Bayer Pharma AG

Essence of this Article

Therapies to prevent venous thromboembolism (VTE) vary in efficacy and risk of adverse events, so the decision to provide anticoagulant prophylaxis must take these factors into consideration. Generally, the benefits of thromboprophylaxis after major orthopaedic surgery have been shown to outweigh the risks of bleeding, regardless of the therapy used. Immobilized medical patients are also at risk of VTE, and although thromboprophylaxis is effective, it has not been shown to reduce mortality in this population. Extended thromboprophylaxis has been associated with an increased risk of bleeding. Simple scores that assess the risk of bleeding, such as that developed using the IMPROVE registry, can help physicians identify patients suitable for anticoagulant prophylaxis.

Balancing the benefits and risks of anticoagulant therapy for venous thromboembolism prevention

Therapies employed to prevent VTE vary in their efficacy and risk of adverse events, such as bleeding. Thus, the decision to provide anticoagulant prophylaxis must take into consideration these factors.

Generally, the benefits of thromboprophylaxis after major orthopaedic surgery have been shown to outweigh the risks of bleeding, regardless of the therapy used.54 Data regarding thromboprophylaxis after hip fracture surgery are more limited, but low molecular weight heparin (LMWH), low-dose unfractionated heparin, warfarin and fondaparinux appear to have positive efficacy and safety profiles.54

Immobilized medical patients are also at risk of VTE, and thromboprophylaxis is effective,54 although it has not been shown to reduce mortality in this population.110 Extended thromboprophylaxis has been associated with an increased risk of bleeding.66-68

Patient characteristics that are associated with an increased risk of bleeding with anticoagulant use include:111

  • Advanced age (>65 years)
  • Cancer
  • Renal failure
  • Liver failure
  • Comorbidity and reduced functional capacity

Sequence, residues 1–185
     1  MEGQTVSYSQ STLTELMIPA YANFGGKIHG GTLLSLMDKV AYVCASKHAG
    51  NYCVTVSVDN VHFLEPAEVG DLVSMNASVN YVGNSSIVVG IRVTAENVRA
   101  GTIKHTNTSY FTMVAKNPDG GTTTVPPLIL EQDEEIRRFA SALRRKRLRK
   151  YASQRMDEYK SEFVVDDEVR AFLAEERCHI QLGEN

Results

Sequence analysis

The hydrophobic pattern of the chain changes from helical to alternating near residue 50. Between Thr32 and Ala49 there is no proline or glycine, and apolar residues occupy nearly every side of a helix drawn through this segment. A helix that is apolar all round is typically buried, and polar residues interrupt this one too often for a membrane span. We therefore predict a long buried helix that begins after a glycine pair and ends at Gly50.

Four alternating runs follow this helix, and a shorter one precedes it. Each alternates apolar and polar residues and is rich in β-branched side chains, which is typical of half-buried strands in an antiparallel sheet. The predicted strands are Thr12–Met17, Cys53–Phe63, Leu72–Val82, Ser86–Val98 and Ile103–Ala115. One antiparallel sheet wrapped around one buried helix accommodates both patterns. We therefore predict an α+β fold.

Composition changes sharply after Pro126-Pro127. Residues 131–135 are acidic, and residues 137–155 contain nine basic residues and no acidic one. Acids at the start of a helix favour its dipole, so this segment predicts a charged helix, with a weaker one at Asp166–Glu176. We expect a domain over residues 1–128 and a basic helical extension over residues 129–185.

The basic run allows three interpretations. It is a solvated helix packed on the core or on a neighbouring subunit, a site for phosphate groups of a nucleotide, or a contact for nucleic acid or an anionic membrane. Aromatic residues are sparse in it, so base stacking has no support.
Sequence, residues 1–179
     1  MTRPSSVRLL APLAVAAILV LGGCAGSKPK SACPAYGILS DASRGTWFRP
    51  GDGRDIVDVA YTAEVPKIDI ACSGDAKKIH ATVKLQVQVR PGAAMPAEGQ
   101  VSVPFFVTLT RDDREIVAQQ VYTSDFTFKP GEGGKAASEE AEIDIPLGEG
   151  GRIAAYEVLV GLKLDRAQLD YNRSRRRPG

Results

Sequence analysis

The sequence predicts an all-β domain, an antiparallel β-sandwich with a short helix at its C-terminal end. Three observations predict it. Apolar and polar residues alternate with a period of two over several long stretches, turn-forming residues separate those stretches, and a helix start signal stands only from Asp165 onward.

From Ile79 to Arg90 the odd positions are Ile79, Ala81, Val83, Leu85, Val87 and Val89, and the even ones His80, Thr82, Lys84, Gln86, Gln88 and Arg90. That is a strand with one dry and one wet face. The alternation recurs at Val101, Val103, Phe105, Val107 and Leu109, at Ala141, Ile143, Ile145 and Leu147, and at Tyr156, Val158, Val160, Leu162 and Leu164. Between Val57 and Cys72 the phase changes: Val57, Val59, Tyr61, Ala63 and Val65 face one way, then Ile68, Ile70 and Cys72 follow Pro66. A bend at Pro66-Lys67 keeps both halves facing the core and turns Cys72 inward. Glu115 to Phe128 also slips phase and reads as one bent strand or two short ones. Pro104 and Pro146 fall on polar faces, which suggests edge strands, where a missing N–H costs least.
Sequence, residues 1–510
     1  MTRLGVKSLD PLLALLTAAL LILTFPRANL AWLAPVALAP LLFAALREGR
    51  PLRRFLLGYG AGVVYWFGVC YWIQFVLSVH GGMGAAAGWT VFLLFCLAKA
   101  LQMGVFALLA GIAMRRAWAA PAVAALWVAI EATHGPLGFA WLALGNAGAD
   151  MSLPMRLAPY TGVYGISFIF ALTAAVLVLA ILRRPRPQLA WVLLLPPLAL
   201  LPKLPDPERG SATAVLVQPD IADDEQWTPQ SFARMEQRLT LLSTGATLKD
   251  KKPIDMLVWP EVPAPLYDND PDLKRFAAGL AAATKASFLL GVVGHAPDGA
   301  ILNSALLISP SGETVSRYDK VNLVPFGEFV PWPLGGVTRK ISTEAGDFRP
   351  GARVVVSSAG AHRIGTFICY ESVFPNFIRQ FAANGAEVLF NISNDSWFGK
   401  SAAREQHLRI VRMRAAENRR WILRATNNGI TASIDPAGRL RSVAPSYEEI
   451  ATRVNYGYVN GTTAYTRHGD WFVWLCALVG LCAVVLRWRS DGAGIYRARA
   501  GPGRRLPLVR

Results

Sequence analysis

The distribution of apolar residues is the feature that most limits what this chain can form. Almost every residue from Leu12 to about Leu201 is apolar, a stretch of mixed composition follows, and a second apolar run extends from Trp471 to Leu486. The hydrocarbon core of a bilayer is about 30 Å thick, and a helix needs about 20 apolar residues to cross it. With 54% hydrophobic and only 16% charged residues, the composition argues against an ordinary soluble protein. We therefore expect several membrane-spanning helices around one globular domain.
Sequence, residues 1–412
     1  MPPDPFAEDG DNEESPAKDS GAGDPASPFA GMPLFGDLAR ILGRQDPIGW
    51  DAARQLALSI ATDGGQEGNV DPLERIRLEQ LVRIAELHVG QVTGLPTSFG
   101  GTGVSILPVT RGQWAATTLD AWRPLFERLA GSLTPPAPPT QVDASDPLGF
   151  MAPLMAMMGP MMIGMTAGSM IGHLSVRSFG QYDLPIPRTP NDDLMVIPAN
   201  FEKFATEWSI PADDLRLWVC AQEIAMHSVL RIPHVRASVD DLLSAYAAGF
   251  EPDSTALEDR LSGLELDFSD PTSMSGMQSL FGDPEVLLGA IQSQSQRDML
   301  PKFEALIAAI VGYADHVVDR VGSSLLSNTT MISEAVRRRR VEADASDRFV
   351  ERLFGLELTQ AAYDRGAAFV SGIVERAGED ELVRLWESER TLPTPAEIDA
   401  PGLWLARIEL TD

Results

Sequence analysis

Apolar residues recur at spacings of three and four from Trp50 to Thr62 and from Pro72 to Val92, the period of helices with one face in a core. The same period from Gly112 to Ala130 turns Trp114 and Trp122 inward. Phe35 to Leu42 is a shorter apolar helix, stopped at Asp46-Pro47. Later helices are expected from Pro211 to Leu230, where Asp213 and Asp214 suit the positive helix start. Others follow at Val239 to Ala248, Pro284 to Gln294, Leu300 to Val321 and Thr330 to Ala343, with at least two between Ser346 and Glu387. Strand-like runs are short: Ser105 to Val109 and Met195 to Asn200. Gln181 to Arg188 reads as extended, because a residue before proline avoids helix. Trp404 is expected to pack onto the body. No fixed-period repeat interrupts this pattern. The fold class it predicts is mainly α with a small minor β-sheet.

Heparin-induced thrombocytopenia (HIT) is an adverse event that can be associated with the use of heparins in up to 5% of patients after cardiac or orthopaedic surgery:112

  • HIT usually occurs in the first weeks of therapy; therefore, platelet counts should be monitored in patients receiving heparins for more than a few days

Validated risk scores for bleeding

Simple scores that assess the risk of bleeding can help physicians to decide whether a patient should receive anticoagulant prophylaxis. Such a score was developed using the IMPROVE (International Medical Prevention Registry on Venous Thromboembolism) registry, which provides data to help assess the risk of bleeding in hospitalized medical patients. Results from this observational study of over 10,000 patients who were not bleeding at the time of admission revealed the following risk factors:111

Validated risk factors for bleeding111

Bleeding risk factors Points
Active gastroduodenal ulcer 4.5
Bleeding during the 3 months before admission 4
Platelet count <50 × 109 cells/l 4
Advanced age (≥85 years vs <40 years) 3.5
Severe renal failure, eGFR <30 ml/min/m2 vs ≥ 60 ml/min/m2 2.5
Hepatic failure (INR >1.5) 2.5
Intensive care unit/coronary care unit 2.5
Central venous catheter 2.5
Rheumatic disease 2
Cancer at the time of hospital admission 2
Age, 40–84 years vs <40 years 2
Male sex 1.5
Moderate renal impairment, GFR 30–59 ml/min/m2 vs ≥60 ml/min/m2 1
eGFR, estimated glomerular filtration rate; INR, international normalized ratio.

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Risk of bleeding was shown to increase exponentially in patients with a risk score of ≥7.0 points. In the cases where bleeding contributed to death, the mean score was 8.6. Both major bleeding and any bleeding were uncommon in patients with a bleeding risk score of <7.0.111


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